"A sect of perilous consequence, such as would have no kings
but a presbytery " ! The preachers, how selected we have seen,
pretend, in fact, to apostolical succession without using that phrase,
and claim for themselves on earth the privileges of the apostles
in heaven.

Thus there was civil and ecclesiastical anarchy. The preachers
besought James to reinforce law and order, but James was helpless.
As he said, jurisdictions were often inherited, and the officers
regarded only their private and family interests. He could not


take Bothwell, though Bothwell aimed at his life. Bothwell was
here and there, always in mischief. On December 27, 1591, he
and his retainers broke into Holyrood, he tried to burn down the
door of the king's chamber, and beat with hammers on the queen's.
He had entered through Lennox's stables, and Lennox was not free
from suspicion. The town turned out, rescued James, and captured
a few assailants of no note, who were hanged. The names of the
ruffians prove them of the Border : Hepburns, Douglases, Humes,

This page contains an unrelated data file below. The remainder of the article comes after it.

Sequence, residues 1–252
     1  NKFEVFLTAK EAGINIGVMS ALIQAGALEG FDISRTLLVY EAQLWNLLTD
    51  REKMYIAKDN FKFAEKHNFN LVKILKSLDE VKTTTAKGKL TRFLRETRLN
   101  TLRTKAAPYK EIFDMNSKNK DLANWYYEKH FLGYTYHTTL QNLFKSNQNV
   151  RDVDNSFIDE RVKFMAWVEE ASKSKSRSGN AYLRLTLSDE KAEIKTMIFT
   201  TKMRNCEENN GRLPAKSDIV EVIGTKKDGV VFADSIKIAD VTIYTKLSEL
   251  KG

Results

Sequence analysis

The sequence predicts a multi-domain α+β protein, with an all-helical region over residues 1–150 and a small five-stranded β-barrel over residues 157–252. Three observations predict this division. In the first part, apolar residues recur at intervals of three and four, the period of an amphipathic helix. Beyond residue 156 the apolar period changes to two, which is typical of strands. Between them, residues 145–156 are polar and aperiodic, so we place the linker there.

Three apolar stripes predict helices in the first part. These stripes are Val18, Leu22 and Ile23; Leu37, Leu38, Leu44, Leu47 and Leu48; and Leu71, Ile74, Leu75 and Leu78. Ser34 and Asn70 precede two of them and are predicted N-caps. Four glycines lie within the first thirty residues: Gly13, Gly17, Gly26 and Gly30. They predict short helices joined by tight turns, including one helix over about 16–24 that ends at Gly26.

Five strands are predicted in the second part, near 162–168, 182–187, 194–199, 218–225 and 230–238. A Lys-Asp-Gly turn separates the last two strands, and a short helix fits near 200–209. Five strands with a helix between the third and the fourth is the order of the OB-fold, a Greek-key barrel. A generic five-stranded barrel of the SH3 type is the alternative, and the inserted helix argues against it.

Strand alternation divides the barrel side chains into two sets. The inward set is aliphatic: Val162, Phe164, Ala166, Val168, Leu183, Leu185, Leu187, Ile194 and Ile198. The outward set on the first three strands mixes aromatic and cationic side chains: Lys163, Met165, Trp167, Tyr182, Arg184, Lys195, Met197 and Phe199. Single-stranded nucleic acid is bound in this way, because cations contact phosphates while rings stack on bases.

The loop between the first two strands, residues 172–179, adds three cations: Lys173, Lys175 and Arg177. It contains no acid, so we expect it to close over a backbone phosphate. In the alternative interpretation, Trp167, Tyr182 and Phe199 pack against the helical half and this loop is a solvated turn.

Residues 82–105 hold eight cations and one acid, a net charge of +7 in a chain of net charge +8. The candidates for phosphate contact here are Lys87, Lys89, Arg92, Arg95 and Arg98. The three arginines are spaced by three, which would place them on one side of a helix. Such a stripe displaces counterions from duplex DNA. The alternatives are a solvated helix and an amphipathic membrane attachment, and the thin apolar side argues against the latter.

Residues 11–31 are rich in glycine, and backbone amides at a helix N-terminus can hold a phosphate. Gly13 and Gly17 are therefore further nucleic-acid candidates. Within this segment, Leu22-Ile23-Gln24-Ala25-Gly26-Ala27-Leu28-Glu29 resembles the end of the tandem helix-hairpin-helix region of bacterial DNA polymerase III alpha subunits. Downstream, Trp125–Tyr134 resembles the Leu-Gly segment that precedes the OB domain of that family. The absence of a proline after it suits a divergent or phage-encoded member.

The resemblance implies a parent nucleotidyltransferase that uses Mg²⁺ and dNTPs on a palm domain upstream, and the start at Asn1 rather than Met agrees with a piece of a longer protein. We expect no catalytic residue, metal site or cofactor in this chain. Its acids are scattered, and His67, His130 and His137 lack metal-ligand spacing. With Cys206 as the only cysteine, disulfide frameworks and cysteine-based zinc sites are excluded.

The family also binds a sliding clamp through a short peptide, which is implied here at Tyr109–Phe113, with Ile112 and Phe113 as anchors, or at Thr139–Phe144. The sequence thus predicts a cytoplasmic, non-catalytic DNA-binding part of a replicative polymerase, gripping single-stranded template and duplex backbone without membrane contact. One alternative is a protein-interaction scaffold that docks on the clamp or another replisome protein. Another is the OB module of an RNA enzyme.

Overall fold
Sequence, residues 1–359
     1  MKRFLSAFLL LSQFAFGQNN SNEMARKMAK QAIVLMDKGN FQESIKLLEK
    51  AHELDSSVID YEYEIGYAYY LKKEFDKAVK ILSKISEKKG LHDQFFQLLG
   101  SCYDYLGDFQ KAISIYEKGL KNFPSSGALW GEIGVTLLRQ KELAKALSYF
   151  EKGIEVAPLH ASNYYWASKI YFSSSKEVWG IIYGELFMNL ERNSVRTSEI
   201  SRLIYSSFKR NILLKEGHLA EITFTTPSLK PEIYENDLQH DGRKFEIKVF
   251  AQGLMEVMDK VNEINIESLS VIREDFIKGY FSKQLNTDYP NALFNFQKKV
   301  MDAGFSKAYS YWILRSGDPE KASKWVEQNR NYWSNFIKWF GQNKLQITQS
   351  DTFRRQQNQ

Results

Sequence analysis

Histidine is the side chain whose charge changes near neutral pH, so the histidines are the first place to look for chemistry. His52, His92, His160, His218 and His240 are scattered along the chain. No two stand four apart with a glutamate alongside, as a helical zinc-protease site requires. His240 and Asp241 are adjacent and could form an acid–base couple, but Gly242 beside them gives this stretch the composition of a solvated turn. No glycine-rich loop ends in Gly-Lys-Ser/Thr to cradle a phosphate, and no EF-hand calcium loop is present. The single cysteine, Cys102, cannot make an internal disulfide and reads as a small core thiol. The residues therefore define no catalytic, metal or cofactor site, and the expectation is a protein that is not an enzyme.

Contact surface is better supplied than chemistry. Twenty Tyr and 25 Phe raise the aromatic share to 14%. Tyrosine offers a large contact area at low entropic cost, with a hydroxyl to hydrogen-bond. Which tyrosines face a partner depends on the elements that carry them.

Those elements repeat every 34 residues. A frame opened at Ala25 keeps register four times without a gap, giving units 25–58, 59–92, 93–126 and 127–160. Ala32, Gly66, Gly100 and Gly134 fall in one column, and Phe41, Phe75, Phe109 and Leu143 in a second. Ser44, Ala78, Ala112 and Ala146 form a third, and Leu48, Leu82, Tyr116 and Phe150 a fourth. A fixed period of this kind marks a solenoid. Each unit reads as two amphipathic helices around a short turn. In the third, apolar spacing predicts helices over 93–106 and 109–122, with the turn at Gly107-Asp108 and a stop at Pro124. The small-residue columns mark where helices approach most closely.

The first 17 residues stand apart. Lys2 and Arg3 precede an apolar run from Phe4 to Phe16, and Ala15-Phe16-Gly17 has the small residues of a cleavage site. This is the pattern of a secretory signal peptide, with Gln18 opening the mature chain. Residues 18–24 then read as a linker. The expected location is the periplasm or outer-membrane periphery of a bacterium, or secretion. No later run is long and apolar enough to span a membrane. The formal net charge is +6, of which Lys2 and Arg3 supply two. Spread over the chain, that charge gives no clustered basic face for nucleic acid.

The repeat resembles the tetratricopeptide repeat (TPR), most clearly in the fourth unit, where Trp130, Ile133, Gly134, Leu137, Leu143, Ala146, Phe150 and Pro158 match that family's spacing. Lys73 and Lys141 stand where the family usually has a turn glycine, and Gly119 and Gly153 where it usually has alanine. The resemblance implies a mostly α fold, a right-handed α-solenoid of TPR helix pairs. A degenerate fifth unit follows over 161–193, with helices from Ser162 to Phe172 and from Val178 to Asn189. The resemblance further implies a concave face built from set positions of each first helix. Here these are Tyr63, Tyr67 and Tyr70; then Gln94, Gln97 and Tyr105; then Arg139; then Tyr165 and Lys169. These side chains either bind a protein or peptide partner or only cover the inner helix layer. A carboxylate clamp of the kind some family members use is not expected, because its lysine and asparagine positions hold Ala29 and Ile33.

Ormistons, Leirmonths (mainly of Ercildoune, the Rhymer's
family), Pringles, and, what looks ill for Lennox, Stewarts. John
Colville, with Douglas of Spot, of Morton's brood, also thought it
for his interest to take part with Bothwell. ^° Craig, the preacher,
publicly informed James that, to punish his laxity, "God had made
a noise of crying and forehammers come to his own doors." ^^
Presently the character of the king himself was blemished by a
deed which for years influenced the politics of Scotland. This was
the murder, by Huntly and his retainers, of the bonny Earl Moray,
commemorated in the familiar ballad. Before describing the cir-
cumstances and consequences of this deed, it is necessary to explore
its causes, which were remote and complicated.

Colin, sixth Earl of Argyll, died in September 1584. His heir
and eldest son, Archibald, was then a child of eight years of age.
His mother was left with a council of six Campbells, including
Campbell of Glenurchy, Campbell of Calder, Campbell of Ard-

Online LibraryAndrew LangA history of Scotland from the Roman occupation (Volume 2) → online text (page 37 of 60)